We were stunned. Jill and I remembered our last home when, on the second day of our arrival, the next door neighbors demanded that we get to fixing the disassembled trampoline in our back yard because it was bothering their view out their side window.  In our back yard.  On the second day.  I am not making this up.

These new neighbors became immediate friends.  We returned the goodness with some baked goods of our own.  They were happily gobbled up.  Then Don and Barb walked over from the cul-de-sac one evening and welcomed us to the neighborhood, making sure we felt at ease.  This kindly retired couple stood in the rain and chatted with us, refusing to come inside because they felt they were intruding.  These people are great.

So now you know how God has blessed us with some awesome neighbors.

But we also have had to deal with some enemies.  It’s true.

Oh, things started off okay last Saturday. As you can see from the picture at the beginning of this blog, our garage is getting cleared out.  On Friday I had Julie and Jill run off for some Wal-Mart needs so I could move about the house freely shoving and pushing furniture, and at 6 a.m. Saturday morning I decided to surprise them by moving Julie’s piano into the front living room.  It’s just a step up from the garage floor to the kitchen entryway, I thought.  It couldn’t be that hard for me to move by myself, I thought.0820171902_resized

But this piano is evil.  It purposely made itself heavier when it knew I wanted to move it.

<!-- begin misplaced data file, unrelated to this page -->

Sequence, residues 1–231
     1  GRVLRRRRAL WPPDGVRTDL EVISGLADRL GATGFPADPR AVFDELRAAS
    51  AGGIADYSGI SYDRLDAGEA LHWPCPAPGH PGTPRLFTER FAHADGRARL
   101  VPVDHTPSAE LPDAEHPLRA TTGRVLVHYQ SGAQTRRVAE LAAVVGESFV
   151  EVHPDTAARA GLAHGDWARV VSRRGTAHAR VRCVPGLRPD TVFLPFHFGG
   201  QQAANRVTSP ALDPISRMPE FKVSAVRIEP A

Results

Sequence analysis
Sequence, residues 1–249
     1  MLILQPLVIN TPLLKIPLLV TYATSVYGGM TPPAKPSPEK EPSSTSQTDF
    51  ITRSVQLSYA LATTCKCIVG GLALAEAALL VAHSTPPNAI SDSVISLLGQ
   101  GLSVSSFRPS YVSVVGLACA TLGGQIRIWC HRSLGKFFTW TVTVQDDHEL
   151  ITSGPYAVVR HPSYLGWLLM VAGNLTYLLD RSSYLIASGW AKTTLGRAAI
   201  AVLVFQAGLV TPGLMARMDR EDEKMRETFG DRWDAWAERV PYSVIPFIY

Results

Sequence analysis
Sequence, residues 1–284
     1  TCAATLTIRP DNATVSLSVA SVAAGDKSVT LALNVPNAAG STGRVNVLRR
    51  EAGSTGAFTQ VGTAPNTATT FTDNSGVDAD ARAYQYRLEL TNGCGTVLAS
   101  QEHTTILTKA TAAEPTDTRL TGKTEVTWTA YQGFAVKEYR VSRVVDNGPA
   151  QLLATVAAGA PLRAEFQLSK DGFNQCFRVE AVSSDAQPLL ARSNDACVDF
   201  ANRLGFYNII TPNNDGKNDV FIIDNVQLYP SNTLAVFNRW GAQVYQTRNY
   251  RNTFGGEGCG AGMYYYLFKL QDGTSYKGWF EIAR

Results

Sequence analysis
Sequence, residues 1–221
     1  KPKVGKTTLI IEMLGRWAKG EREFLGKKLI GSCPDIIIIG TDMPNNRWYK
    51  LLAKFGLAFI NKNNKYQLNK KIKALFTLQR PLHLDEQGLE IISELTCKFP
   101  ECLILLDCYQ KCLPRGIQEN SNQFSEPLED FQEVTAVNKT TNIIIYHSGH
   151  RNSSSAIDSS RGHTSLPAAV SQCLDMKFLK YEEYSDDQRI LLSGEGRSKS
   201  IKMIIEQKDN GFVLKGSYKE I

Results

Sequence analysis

It went from a manageable mobile instrument to the Mother of All Fat Inanimate Objects.  Its weight exceeded the gross tonnage of the Queen Mary.

I pushed and grunted that stupid thing across the garage floor.  The wheels had “suddenly” become rusty. My sweat drops (not kidding) dotted the cement.  I wrestled it into position at the bottom step of the kitchen entry and breathed in heavily.  And positioned myself and lifted.

And pop.  I felt something snap in my back.

And I heard the piano snicker.

So I kicked him right in his fortissimo.

He is now my enemy.  I shoved him into the front room after he started chewing up part of the utility room flooring.  I am still shunning him.  I walk through the living room and look out the window on purpose.  He knows I’m miffed.

We have another enemy lurking about.  Our cat Oliver came in one night and had a fuzzed-out tail and a strange growl that sounded like those ceremonial Celtic wailings on a creepy fall midnight.  He kept darting toward the window.  He was traumatized.  I peeped out and saw the Enemies in the darkness, lit by the back deck lighting.

Four of them.  They were menacing.  To him.

0820171900a_resizedThey were the deer family.  A buck, a doe and two fawns.  We have named them Fritz and Stella, and their kids Mookie and Blaylock. Our cat has named them sworn enemies.  He’s flipped out.

He’s lost focus on his regular routine and sits in the storage room, mumbling to himself.  He’s developed a nervous tic, and the other day when he came around the side of the garage we caught a faint whiff of nicotine.  I’m not saying he’s taken up cigarettes, but you can’t be too sure.  His shaking has finally subsided to the point that he can sit on the railing of the deck without falling off.

But just as I am recovering so too will Oliver.  This place is too much of a blessing for us to remain sore – physically and emotionally – for too long.